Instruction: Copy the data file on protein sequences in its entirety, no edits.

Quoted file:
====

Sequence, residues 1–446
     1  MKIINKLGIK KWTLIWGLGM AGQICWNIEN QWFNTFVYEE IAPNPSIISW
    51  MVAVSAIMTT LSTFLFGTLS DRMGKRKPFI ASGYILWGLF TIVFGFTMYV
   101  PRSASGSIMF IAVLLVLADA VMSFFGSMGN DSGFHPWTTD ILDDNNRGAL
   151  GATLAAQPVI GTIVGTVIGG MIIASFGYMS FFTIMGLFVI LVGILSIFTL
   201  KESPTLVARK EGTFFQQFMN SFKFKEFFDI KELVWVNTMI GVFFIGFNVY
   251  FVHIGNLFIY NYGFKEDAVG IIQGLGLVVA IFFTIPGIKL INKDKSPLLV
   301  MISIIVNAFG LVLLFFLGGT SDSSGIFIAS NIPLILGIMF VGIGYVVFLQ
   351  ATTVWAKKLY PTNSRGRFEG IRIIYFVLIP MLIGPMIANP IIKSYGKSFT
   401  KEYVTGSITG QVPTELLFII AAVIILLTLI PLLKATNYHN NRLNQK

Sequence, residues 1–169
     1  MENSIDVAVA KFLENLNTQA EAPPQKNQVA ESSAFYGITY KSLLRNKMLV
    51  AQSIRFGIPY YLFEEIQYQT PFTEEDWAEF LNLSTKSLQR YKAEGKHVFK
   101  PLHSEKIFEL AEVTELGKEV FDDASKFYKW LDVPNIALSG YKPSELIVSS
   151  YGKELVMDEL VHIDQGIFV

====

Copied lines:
Sequence, residues 1–446
     1  MKIINKLGIK KWTLIWGLGM AGQICWNIEN QWFNTFVYEE IAPNPSIISW
    51  MVAVSAIMTT LSTFLFGTLS DRMGKRKPFI ASGYILWGLF TIVFGFTMYV
   101  PRSASGSIMF IAVLLVLADA VMSFFGSMGN DSGFHPWTTD ILDDNNRGAL
   151  GATLAAQPVI GTIVGTVIGG MIIASFGYMS FFTIMGLFVI LVGILSIFTL
   201  KESPTLVARK EGTFFQQFMN SFKFKEFFDI KELVWVNTMI GVFFIGFNVY
   251  FVHIGNLFIY NYGFKEDAVG IIQGLGLVVA IFFTIPGIKL INKDKSPLLV
   301  MISIIVNAFG LVLLFFLGGT SDSSGIFIAS NIPLILGIMF VGIGYVVFLQ
   351  ATTVWAKKLY PTNSRGRFEG IRIIYFVLIP MLIGPMIANP IIKSYGKSFT
   401  KEYVTGSITG QVPTELLFII AAVIILLTLI PLLKATNYHN NRLNQK

Sequence, residues 1–169
     1  MENSIDVAVA KFLENLNTQA EAPPQKNQVA ESSAFYGITY KSLLRNKMLV
    51  AQSIRFGIPY YLFEEIQYQT PFTEEDWAEF LNLSTKSLQR YKAEGKHVFK
   101  PLHSEKIFEL AEVTELGKEV FDDASKFYKW LDVPNIALSG YKPSELIVSS
   151  YGKELVMDEL VHIDQGIFV